Some authors say they write simply because they can't see themselves doing anything else. This was not the case for me.
But let me get something straight: I do love writing. I may not be "A#1, The Bomb" at it - in fact, I'm sure there will be some who say I downright blow at wordsmithery. And that's okay. I suppose it's all subjective. There's a handful of best-sellers less readable (to me) than a second-grader's "WOT I DED 4 SUMMR" essay. Or, a particular variety of teenage Facebook posts...
"Y gurls NoT liek my ituns plylst??? LOL"
When I write, it feels natural. As if it's what I'm meant to do. Rewind a year and a half ago, I'd never believe I would actually, seriously, aspire to literary composition. I didn't have the stereotypical beard, glasses, pipe, turtle neck or receding hairline for the job. Hmm, maybe I'm confusing "author" with "professor"...
December 2010: I had just finished a part-time semester at TCC NE, a North Texas community college, trying to get some pre-requisites out of the way for the Physical Therapist Assistant program. I aced my two classes (a large improvement from my last semester, two years prior) and was feeling pretty good. But then I did some research, and made a shocking discovery: This community college program was insanely competitive. Even if I did everything perfectly, there was no guarantee I would get in. And it's not like Physical Therapist Assistant was my dream job as a child, I just needed a good career to support my family.
The summer before that, I played with the idea of working for the fire department. Before that, a couple years waiting for a call from the FAA to join the Air Traffic Controller cadet program (which never came, despite my test score deeming me "Well Qualified").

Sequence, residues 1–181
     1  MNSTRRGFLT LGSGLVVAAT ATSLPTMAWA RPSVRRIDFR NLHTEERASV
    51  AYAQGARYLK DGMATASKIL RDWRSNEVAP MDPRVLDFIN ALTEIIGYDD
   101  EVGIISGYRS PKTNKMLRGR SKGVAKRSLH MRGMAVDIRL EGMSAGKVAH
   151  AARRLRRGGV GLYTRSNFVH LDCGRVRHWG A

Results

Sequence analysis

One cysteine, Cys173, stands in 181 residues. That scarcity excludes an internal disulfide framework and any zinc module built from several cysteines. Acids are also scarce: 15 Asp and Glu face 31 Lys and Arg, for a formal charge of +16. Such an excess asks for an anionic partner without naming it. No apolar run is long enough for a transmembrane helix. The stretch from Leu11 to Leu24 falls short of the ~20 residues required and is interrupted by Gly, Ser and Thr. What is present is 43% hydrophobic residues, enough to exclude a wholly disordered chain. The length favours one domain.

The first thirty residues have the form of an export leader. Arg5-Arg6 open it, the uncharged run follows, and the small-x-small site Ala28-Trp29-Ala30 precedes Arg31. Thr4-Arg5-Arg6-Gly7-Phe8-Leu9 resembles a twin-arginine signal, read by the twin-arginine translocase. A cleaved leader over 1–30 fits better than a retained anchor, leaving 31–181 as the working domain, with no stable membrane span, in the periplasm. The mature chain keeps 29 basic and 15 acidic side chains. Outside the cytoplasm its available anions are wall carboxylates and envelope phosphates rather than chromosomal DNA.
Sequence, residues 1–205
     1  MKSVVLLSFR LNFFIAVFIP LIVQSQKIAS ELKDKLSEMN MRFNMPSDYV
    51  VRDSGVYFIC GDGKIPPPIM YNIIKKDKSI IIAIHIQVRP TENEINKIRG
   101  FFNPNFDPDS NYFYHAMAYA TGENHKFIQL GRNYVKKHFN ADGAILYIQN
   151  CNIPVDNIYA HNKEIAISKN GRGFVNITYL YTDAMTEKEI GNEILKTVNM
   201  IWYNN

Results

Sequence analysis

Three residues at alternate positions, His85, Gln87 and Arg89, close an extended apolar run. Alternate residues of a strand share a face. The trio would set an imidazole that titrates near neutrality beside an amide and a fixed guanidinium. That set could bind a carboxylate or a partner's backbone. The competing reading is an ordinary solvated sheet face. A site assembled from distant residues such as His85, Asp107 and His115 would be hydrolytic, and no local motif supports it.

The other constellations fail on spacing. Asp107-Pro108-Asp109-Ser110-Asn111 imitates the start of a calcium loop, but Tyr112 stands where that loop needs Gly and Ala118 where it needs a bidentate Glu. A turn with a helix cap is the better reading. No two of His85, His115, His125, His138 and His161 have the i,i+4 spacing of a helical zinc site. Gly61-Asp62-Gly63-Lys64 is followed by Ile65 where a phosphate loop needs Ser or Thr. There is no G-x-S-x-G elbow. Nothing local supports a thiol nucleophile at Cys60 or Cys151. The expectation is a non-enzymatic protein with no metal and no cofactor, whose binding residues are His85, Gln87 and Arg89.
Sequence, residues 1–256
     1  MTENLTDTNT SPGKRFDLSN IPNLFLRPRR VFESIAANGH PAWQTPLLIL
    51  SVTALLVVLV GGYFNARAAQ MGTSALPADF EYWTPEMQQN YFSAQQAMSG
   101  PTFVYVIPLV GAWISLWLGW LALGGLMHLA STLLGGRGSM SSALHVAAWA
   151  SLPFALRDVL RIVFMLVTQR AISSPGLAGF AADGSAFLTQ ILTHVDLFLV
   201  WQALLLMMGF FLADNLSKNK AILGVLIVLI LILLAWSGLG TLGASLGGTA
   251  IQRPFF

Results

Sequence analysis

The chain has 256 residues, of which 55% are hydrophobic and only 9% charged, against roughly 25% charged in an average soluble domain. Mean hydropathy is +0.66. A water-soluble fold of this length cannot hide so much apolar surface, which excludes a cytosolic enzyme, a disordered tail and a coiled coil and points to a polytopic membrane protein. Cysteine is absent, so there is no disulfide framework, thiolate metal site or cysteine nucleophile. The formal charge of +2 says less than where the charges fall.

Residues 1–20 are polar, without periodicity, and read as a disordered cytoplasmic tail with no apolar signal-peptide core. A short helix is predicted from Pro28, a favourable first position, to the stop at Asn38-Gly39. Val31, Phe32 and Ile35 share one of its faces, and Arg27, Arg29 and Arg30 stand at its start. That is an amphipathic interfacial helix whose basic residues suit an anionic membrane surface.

Fast forward to January 2011, I haven't a clue what I should pursue. But then comes The Wife with the assist: She suggests I do something creative. I'd never thought that was a feasible option, or at least not for a career. She lists off a few odd jobs I might succeed in, such as guitar lessons, puppet show for kids' parties, writing a book...
In a few weeks, I pieced together the story for Float in my mind. When I actually began putting words to screen, they flowed out quite easily. Then, other ideas for other novels came to mind. And the best part was, I enjoyed every minute of it. And I still do.
For me, writing feeds a desire I have always had: The desire to create. Whether it was music, puppetry, film, video games, professional wrestling (you can laugh, it's okay) - I grew up fantasizing about creating things for people to enjoy. And maybe at first I didn't think writing was glamorous enough, but now I'm so glad I tested the waters. I think it's the right fit for me.
Can I make it a sustainable career? Will I even turn a profit? Will I gain an audience, outside of my (gracious enough to support me) friends and family? I guess time will only tell.
But one thing I've learned: In order to feel content in life, I must create something. I hope everyone reading out there will be glad I did.